Local Newcomer Coordinators (LNC) need to be:
Unlike many processes, managing the benefits of connecting newcomers to resources can be difficult. There is significant evidence that if newcomers are not supported effectively when they move to a new community, they can develop serious psychological problems, including depression. If existing resources can be effectively utilised, this saves the need for duplicate services just for newcomers. It is better to train existing providers to understand the needs of newcomers than to try and design services that match the various needs of newcomers.
Another significant issue is culture shock. Completely resourceful and talented people can instantly lose their usual ability to source solutions. They then appear very rude and disagreeable, complaining about minor items or the people that they meet. It is critical that they find someone that they relate to soon after arrival. They do not need a ‘best buddy’ – just someone that is ‘on call’ to answer questions as needed.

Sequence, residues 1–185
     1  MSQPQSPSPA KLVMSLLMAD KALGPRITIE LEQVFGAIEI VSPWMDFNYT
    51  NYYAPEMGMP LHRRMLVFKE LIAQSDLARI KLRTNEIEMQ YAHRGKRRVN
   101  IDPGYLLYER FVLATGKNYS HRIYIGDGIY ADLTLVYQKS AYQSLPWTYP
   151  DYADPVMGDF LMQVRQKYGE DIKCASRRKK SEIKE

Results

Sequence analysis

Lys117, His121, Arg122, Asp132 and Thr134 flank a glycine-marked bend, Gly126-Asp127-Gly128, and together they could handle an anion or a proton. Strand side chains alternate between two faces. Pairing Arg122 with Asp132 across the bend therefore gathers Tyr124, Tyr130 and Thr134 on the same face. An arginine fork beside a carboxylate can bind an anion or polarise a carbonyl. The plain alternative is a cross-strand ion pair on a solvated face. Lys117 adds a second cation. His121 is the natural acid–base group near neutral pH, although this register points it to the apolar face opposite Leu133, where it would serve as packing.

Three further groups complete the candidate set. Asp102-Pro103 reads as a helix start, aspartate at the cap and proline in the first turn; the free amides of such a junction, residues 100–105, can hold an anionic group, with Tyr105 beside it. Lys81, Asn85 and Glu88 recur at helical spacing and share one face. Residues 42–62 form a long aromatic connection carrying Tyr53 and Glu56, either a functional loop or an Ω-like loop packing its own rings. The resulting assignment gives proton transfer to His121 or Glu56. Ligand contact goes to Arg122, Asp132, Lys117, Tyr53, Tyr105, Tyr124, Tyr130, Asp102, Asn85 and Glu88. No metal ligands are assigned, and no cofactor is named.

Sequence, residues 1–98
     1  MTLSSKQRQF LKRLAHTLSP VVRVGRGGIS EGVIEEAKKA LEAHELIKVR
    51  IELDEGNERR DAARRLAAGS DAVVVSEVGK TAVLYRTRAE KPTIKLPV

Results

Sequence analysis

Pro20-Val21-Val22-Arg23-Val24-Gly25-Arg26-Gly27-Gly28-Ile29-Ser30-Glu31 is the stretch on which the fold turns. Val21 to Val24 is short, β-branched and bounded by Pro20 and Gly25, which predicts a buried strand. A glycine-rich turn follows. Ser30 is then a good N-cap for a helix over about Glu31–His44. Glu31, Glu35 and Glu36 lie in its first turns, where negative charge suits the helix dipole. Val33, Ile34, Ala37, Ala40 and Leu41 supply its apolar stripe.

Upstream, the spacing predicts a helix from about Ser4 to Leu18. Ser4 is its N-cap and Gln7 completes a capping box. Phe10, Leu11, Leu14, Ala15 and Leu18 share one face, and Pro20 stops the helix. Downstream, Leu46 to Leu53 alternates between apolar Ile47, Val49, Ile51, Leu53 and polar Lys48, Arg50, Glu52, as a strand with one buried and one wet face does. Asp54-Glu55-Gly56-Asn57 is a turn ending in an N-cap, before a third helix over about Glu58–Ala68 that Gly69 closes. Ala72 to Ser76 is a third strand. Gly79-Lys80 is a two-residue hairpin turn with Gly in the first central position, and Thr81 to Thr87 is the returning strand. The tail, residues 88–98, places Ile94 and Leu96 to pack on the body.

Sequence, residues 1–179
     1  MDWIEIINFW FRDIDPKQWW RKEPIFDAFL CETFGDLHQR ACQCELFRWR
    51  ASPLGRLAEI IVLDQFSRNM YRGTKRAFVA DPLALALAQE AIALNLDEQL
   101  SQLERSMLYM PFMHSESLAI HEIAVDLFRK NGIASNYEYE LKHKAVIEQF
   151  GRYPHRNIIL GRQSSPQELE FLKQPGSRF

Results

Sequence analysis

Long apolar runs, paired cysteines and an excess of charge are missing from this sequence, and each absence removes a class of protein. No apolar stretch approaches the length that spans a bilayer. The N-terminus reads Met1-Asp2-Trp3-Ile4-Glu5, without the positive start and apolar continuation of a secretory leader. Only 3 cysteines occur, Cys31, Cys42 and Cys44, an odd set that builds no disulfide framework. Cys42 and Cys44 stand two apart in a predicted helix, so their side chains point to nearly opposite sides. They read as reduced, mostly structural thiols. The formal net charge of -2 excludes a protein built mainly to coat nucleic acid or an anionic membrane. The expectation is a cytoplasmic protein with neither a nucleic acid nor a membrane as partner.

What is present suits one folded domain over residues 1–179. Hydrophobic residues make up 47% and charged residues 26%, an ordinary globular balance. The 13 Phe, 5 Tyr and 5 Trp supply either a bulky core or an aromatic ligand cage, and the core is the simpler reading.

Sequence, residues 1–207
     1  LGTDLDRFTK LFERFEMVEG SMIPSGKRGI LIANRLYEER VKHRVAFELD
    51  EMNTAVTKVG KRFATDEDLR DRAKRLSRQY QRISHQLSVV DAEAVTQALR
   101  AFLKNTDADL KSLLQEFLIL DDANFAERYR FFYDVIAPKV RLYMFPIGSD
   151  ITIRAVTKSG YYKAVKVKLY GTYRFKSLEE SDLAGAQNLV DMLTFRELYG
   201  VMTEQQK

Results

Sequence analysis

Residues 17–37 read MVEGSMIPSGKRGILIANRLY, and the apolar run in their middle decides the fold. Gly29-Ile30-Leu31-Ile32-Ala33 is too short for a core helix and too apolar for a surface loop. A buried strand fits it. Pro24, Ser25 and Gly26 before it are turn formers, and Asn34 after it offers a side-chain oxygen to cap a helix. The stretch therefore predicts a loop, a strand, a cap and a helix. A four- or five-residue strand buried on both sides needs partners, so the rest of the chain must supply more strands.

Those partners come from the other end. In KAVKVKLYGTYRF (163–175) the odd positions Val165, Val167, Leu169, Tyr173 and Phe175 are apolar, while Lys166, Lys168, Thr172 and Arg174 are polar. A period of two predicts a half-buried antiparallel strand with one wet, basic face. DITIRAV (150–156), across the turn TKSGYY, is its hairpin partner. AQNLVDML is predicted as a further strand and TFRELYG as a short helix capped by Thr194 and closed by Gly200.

By considering the needs of newcomers, your community will cross several ‘sections’ of your existing community. The economic issues relating to population, trade and investment can all be facilitated by understanding the needs of people moving from other locations. Community capacity can be improved by increasing diversity amongst existing groups. With an ‘excuse’ to have a celebration, newcomers have the opportunity to showcase their previous culture, food and lifestyle with the existing community.
It is also important for the various initiatives to incorporate all newcomers – even those moving a short distance. Newcomers moving a short distance often find it more difficult to adjust to their new surroundings than someone who has moved a long way – because their expectations are entirely different. The research showed that someone moving to a very structured and involved culture found it easier to settle than to one they would have found very familiar – and this could easily be related to their expectations.